Modern and Traditional Ethics
If there was a connection between historical and modern ethics and the development pattern of these two spheres of ethics, the connection could be adequately described as the status quo. That is to say, there really is no difference between the two. Ethical behavior remains ethical behavior and such behavior exists within human nature and transcends time, culture, history, the modern era, antiquity, etc.
There is an important philosophical question that needs to be posed here: is there much difference between traditional moral ethics and modern ethics? Human beings have evolved in a number of ways, but in many other ways they have remained the same. When it comes to moral and ethical values, virtually no society (past or present) seems to tolerate disrespect towards elders, stealing, adultery and murder. If there are such societies that do so, then they exist as radical departures from the norm.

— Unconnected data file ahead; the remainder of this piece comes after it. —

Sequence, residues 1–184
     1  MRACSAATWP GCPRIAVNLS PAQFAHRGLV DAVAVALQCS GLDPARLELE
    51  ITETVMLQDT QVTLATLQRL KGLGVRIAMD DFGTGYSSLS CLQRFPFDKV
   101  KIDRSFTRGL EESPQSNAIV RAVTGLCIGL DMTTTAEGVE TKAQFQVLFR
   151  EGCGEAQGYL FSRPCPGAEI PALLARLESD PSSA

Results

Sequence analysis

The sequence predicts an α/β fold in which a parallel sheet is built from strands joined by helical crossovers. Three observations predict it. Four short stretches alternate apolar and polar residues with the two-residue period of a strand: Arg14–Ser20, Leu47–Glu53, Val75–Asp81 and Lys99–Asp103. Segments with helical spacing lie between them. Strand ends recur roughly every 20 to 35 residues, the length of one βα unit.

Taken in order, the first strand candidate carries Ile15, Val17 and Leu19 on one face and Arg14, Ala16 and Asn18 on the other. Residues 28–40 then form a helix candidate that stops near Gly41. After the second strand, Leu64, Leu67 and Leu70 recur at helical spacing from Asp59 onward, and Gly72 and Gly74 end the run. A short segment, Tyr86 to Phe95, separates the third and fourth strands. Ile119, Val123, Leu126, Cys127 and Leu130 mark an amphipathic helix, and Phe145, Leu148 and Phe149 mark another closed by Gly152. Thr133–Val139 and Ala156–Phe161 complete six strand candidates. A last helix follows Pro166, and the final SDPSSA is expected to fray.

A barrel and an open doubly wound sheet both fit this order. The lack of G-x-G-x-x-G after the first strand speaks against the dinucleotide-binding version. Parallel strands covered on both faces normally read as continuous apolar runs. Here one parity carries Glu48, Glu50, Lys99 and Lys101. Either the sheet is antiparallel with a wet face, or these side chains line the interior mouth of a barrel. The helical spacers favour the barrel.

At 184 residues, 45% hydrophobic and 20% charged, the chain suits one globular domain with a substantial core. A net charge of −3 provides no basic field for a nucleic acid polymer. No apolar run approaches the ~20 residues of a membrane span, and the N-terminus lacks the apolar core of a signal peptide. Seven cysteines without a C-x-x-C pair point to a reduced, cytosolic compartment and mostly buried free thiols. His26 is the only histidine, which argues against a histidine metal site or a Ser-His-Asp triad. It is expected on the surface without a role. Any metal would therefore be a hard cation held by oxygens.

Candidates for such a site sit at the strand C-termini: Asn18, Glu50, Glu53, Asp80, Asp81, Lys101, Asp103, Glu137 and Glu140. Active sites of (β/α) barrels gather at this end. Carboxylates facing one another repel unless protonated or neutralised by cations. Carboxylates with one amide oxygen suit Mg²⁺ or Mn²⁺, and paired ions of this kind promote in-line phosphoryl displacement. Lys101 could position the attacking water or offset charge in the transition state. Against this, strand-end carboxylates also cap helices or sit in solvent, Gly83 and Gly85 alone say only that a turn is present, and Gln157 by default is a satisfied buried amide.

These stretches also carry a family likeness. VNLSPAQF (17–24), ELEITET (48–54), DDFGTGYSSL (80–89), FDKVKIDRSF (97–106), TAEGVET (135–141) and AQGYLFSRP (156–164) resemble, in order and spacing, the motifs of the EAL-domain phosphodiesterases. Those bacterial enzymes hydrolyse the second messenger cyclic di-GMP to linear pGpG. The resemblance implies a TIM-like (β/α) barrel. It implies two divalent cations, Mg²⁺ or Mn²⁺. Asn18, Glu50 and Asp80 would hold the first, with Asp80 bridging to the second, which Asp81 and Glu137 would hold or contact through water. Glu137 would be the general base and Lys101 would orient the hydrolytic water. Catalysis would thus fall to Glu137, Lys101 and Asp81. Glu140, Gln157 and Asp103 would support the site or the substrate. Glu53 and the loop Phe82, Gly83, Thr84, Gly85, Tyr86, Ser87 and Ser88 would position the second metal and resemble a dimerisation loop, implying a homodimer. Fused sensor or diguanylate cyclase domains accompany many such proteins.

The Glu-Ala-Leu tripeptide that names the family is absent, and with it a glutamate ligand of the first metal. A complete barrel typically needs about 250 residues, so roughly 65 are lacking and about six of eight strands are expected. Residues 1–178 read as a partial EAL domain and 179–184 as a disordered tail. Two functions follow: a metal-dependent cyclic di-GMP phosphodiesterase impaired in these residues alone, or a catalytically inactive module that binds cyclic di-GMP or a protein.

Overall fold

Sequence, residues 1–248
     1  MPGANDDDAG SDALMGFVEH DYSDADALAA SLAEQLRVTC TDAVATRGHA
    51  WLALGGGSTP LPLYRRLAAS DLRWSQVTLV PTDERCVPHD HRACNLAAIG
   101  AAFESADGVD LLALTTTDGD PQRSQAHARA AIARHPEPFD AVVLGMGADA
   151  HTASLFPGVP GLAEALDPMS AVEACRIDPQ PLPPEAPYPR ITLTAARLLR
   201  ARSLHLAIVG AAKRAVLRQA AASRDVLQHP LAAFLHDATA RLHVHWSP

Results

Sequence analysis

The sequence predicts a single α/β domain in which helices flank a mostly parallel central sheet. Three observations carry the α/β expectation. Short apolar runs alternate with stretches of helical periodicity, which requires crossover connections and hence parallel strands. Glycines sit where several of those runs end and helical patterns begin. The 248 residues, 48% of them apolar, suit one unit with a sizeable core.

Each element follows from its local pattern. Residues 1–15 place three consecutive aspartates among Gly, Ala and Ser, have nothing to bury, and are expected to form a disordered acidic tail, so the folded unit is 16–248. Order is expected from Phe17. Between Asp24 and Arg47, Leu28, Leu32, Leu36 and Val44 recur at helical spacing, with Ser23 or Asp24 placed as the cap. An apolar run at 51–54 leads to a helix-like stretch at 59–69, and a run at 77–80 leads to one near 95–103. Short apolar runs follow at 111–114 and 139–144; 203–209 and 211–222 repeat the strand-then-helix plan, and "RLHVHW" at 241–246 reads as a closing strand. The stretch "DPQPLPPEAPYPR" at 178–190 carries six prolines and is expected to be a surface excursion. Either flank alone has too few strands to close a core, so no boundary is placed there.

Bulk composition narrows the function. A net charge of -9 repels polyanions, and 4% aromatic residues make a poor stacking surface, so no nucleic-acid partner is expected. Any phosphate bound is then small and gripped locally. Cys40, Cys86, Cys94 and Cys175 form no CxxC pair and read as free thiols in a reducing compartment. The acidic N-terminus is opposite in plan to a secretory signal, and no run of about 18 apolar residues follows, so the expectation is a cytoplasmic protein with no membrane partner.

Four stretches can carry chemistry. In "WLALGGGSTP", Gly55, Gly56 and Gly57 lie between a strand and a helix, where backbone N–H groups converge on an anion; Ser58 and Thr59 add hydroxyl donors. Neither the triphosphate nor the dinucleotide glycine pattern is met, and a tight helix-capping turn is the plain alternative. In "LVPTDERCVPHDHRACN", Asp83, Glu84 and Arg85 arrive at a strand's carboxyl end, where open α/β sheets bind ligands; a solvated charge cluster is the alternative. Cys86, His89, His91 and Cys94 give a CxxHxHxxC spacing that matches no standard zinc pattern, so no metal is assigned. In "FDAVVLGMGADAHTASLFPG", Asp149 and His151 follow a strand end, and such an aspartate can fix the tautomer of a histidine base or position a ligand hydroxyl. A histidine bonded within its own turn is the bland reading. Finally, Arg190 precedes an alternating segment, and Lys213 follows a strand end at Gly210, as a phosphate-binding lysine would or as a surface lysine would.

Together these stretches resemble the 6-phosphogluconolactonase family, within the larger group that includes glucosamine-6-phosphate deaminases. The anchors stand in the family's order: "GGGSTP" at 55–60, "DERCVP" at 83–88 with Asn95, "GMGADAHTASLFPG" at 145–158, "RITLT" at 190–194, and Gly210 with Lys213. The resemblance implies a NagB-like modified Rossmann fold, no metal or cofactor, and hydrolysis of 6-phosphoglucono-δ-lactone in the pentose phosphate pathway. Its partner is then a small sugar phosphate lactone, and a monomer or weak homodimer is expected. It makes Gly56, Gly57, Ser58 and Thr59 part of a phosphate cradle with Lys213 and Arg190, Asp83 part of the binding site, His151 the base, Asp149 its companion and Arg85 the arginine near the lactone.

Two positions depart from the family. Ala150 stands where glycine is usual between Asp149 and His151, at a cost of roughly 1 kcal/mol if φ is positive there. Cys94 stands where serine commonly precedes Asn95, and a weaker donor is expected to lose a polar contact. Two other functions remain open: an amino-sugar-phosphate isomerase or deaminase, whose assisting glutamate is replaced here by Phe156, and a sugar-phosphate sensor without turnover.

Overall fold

Granted, there will be periods where social upheaval may challenge traditional norms of behavior (the cultural revolution of the 1960’s is one such example), but the challenges always maintain a certain epicenter. For example, what culture will consider stealing from the less fortunate as an ethical form of behavior. Of course, there are those who take part in such conduct, but they are anomalies and not indicative of any society as a whole. So, ultimately, the development of traditional ethics into modern ethics is really a non-development after all.